I was happy to read Mr. Marshall’s piece in the October Crozet Gazette, “No Hope Soon for Traffic Relief.” However, I kept hoping for driver behavior, traffic safety and enforcement to somehow be woven into this very important local news story. It is important to understand that traffic congestion cannot be addressed without factoring in the subsequent behavior changes and resulting need for more consistent enforcement of traffic laws, without which our community safety is at great risk.
There is the increasing inconvenience of congestion, but the more consequential danger of failing to address speed limits has been overlooked or ignored. In the few years I have regularly traveled on Jarmans Gap road to Greenwood, I rarely see law enforcement and have never seen anyone stopped for any traffic infractions like speeding or, having noticed the growing piles of trash along this road—throwing liquor and beer containers out their vehicle windows. Why have laws and speed limits if they rarely if ever get enforced?
I am a more recent resident of Crozet, having only lived here for four years. I have noticed the very consistent increase in development of housing and retail businesses, all resulting in the increase in population and the derogatory impact of traffic, and, at times, vehicle congestion. This has caused drivers to find other ways around the Crozet downtown corridor and it often appears that they are very frustrated and in a hurry. Some of the roads that have experienced an increase in traffic and speeding are Jarmans Gap to Greenwood, including Half Mile Branch and Lanetown Road and the additional ‘cut-through’ route of residential Old Trail Drive. These roads represent a way to avoid the more congested bottleneck of Jarmans where it joins Crozet Avenue. Further from town, there has also been an undeniable increase in traffic and pedestrian activity on Jarmans with the growing seasonal attraction of Chiles Orchard, which now includes tasting rooms for a winery and a cidery. As a result, there are even more pedestrians, including families often with small children, walking along the road and crossing it. I fear this, along with the existing 40 mph limit that is exceeded by many drivers, is an incredibly unsafe stage for an accident—with tragedy in the wings.
I originally intended to circulate a petition to change the speed limit on Jarmans from the posted 40 mph to 30, and ask for a stop sign at Jarmans where it intersects with Lanetown Road/Half Mile Branch. I have seen numerous close calls at this intersection and was recently almost hit there while riding my bike. It makes no sense to have a posted 25 mph limit on Jarmans where it is wide with shoulders including bike lanes, and then to increase the speed limit as it heads west where the road narrows and involves dangerous curves AND becomes a part of a national bike route—route 76. I have taken the time to talk with residents along these roads and have realized that I am not alone in my observations and thinking. This was my initial motivation to start a petition. However, when I recently called the VDOT to inquire about submitting a petition with signatures, I was told that I merely needed to make the request by phone. I was called back a day later by a representative from the VDOT and told that they had already recently studied the road safety concerns that I had reported and that they felt that there was no need and they had no plan to add a stop sign or lower the posted speed limit.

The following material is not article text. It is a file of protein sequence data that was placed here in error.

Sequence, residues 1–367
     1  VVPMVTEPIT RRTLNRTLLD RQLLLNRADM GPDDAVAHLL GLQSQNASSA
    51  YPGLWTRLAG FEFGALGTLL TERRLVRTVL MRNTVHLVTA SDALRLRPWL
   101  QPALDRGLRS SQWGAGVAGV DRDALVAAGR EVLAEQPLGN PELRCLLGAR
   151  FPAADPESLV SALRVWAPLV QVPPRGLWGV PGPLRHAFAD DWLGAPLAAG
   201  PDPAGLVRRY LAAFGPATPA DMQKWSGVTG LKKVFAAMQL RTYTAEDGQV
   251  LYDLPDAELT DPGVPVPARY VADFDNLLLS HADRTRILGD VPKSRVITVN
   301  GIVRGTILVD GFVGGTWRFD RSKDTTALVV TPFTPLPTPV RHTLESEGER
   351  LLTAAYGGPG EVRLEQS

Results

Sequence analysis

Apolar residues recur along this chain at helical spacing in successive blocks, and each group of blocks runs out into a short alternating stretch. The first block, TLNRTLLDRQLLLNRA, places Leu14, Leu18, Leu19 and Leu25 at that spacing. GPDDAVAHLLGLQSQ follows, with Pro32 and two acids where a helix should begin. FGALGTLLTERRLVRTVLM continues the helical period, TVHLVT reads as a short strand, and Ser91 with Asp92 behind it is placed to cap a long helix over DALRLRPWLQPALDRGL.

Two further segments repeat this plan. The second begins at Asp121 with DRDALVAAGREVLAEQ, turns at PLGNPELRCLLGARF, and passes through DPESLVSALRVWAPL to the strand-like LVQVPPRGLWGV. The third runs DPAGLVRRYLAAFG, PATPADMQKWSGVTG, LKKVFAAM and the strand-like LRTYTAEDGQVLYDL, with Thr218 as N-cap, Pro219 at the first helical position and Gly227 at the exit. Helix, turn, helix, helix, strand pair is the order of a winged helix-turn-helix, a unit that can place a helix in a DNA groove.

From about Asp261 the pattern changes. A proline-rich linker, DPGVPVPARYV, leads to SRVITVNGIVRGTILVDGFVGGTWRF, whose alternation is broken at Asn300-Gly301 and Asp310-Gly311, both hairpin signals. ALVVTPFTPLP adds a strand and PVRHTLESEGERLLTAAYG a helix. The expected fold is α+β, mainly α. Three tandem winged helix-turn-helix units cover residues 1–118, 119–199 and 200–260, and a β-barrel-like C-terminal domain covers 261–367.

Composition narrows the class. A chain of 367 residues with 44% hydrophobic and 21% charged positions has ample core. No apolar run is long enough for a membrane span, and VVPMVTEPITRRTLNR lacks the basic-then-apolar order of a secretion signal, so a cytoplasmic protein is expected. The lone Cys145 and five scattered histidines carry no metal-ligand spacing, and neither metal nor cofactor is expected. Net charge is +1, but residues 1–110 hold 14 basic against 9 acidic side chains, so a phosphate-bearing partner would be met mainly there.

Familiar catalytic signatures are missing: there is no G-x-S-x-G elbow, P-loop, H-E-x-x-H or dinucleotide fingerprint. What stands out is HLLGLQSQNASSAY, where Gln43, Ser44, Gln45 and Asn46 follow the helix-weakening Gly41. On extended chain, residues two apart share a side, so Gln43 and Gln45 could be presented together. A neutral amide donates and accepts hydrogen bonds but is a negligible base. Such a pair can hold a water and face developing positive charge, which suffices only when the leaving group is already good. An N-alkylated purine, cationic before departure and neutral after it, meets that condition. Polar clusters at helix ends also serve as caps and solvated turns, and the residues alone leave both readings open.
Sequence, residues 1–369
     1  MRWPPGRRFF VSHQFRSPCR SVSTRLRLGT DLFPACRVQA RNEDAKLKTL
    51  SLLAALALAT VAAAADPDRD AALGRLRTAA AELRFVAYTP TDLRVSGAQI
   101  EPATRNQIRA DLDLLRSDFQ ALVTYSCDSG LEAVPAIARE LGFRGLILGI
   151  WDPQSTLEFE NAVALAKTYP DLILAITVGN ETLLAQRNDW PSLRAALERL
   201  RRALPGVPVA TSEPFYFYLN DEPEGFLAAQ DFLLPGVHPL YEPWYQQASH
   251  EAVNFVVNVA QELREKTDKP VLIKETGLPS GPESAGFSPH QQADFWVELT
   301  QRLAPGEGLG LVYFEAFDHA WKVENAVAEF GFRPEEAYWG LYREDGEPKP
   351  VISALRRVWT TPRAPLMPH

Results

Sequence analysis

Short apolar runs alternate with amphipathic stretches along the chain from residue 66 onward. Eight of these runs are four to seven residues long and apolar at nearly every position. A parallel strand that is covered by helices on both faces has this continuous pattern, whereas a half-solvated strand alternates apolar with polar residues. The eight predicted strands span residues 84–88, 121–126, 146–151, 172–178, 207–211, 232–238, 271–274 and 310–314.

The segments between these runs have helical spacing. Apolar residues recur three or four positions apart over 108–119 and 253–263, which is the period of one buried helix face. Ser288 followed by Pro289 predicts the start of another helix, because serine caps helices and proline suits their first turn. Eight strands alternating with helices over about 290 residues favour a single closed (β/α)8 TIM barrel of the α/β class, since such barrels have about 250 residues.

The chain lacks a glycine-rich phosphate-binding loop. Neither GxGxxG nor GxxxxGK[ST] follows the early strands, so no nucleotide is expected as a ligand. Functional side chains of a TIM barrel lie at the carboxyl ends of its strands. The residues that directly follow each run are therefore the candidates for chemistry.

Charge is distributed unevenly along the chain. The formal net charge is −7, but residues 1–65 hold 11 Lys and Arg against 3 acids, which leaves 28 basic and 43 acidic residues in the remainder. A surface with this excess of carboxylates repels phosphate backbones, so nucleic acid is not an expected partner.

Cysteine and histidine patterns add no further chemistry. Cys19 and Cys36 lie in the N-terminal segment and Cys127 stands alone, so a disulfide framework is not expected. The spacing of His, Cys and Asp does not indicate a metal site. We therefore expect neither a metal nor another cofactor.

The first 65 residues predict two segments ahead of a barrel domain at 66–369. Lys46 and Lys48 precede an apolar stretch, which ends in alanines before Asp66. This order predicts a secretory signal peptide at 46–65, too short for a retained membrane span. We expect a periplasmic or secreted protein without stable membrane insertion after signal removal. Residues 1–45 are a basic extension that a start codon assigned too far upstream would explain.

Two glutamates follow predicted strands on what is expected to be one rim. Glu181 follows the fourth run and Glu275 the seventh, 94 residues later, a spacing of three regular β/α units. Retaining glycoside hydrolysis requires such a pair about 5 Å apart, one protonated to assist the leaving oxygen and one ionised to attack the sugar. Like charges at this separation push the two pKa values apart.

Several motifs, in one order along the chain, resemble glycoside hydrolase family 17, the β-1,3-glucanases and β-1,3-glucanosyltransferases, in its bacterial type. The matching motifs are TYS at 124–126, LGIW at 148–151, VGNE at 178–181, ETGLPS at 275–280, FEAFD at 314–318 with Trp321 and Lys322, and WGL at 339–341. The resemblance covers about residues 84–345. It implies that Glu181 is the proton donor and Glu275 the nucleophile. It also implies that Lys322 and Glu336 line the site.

I bike and drive on these roads almost every day and observe drivers traveling at speeds that are obviously above the posted limit. I strongly feel that something needs to be done before a tragedy that could be averted strikes our community. If other Crozet residents feel the same, I encourage them to call the VDOT customer service line at 1-800-367-7623 and ask that they lower the speed limit to 30 MPH from 40 MPH—at least up to the stop sign in Greenwood, AND install a four-way stop at Jarmans where it intersects Lanetown/Half Mile Branch. Although we may be unable to hold back “progress” and the continued development in Crozet that will invariably lead to traffic congestion, we should all insist on keeping our community safe for everyone who lives and travels here for the beauty and increasingly attractive opportunities that Crozet provides.
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